I have yet to have a micro USB cable that didn’t eventually loosen up over time , not make a connection or fail. Never had a single issue with a lightning cable.
In this department Apple wins and it’s not even close.
Ninety-nine thank yous to Nancy Lutts of Salem who responded to my plea for Monarch butterfly eggs. She follows both GMG and my blog and emailed immediately after reading the posts. Nancy has the most amazing farm and fields located along the Danvers River. She and her family have been farming the land for decades. Nancy invited me to come and collect eggs. She had been to one of my lectures, but you hardly get to know people at the programs so it was a delight to meet her and super fun to peruse her fields for eggs while chatting and sharing butterfly info. Interestingly, Nancy’s plow wasn’t working as well as usual, so the mowing of her fields, which usually takes place in early summer, happened later than usual. Good thing! The two-inch tall emerging milkweed shoots were the females’ preference. This goes to a topic that is often brought up in the lectures that I give and one of the most frequently asked questions, “When is the best time of year to plow my fields?” I recommend plowing in early fall, well after the monarchs have emerged from their chrysalides and headed to Mexico. Although, the very, very best practice for the pollinators is to mow half a field annually, alternating from one side of the field to the other every other year. This allows for the pollinators to complete their life cycle within a two year time frame. The single greatest threat to Monarchs, as well as all bees and butterflies, is habitat destruction in the United States, whether it be from Monsanto’s Roundup or from mismanagement and loss of fields and meadows. Nancy has a truly fabulous butterfly and hummingbird garden that I’ll be back to photograph on a sunnier day.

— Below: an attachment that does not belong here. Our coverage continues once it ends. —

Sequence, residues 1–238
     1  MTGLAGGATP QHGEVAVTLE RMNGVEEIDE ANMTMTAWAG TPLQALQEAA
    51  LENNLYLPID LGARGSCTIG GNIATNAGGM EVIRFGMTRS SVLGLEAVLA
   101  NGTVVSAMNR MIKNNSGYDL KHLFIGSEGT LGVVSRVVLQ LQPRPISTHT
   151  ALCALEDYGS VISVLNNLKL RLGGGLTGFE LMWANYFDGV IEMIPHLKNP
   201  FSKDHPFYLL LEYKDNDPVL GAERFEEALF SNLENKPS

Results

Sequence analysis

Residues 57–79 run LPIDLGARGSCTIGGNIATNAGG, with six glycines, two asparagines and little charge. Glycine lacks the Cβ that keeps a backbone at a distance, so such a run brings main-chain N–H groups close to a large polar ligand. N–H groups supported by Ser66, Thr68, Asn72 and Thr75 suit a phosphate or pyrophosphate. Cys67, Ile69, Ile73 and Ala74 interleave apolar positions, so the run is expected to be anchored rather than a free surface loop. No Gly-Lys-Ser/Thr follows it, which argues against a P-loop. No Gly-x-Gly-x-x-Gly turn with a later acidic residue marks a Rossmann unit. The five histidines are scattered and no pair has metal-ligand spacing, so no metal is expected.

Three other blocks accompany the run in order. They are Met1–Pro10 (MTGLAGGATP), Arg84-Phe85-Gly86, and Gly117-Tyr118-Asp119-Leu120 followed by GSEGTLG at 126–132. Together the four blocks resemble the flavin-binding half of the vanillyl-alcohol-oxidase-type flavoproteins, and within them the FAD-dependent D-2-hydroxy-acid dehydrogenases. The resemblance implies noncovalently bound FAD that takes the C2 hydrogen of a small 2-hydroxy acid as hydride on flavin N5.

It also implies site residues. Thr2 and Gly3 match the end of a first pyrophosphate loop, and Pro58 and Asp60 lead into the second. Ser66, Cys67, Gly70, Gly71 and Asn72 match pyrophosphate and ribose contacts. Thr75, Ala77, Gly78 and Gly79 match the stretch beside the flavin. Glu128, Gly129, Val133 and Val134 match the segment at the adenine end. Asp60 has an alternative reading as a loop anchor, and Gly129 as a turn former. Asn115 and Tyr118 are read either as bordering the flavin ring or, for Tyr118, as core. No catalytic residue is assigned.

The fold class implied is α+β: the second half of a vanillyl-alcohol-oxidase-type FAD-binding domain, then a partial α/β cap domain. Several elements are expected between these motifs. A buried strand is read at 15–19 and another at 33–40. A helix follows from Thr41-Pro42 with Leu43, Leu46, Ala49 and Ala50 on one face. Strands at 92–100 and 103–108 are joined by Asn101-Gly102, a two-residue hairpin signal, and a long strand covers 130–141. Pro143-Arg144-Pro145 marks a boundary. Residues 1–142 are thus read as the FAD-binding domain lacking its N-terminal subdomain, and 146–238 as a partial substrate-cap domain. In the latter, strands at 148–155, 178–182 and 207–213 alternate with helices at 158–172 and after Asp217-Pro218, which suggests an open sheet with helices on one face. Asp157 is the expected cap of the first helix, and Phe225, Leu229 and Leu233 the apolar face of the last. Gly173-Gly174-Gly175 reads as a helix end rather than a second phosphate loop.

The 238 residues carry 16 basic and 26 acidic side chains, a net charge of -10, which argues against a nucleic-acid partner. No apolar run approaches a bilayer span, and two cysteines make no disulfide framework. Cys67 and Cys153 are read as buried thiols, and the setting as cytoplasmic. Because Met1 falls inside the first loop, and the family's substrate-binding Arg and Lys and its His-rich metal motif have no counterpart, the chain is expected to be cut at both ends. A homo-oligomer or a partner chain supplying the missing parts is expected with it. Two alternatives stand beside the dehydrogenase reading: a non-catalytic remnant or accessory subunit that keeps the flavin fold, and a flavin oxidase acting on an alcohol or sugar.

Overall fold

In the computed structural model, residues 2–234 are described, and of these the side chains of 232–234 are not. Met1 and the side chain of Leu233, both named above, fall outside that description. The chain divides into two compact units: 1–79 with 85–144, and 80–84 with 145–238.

Wednesdays @ 10:30
Barbara and I are just back from several days with our family in the Adirondacks. We hiked, kayaked, canoed, sang, ate and drank (a little).
Here is a short video of one of our kayak excursions. We explored two remote lakes; Osgood Pond and Deer River Flow, both in northern Franklin County, not far from the Canadian border.
Opening Reception: Thursday August 13, 2015, 5-8pm. Cape Ann Giclee, 20 Maplewood Ave, Gloucester, MA
Please join us for the 4 person photography show “by Land, Sea, and Sky” August 6 – 30, 2015. Photographic works by Merlyn Caswell-Mackey, David Fernandes, Law Hamilton, and Ricardo Marnoto will be featured. Check out the facebook event page for more info.
James Eves, owner of Cape Ann Giclée, Fine Art Printing and Gallery, is GMG’s Arts Enthusiast and the Calendar Guy. To submit arts related press releases, photos of arts events or any arts related posts email: email@example.com.
To add an event to the GMG Cape Ann Calendar go here to see how to submit events.
Do You Have Your Ticktes Reserved Yet?
Sunset Tours of Gloucester Harbor
Sail away on the Schooner Ardelle to the world of Fitz Henry Lane
GLOUCESTER, Mass. (August 4, 2015) – The Cape Ann Museum, in partnership with Maritime Gloucester, is pleased to offer a narrated tour of Gloucester Harbor aboard the Schooner Ardelle on Wednesday, August 12 at 6:00 p.m. The cost for the Fitz Henry Lane Sunset Harbor Cruise is $30 for Museum members; $45 for nonmembers. Space is limited; reservations required. For more information please call (978) 281-0470 or visit maritimegloucester.org. This program will also be offered on August 12.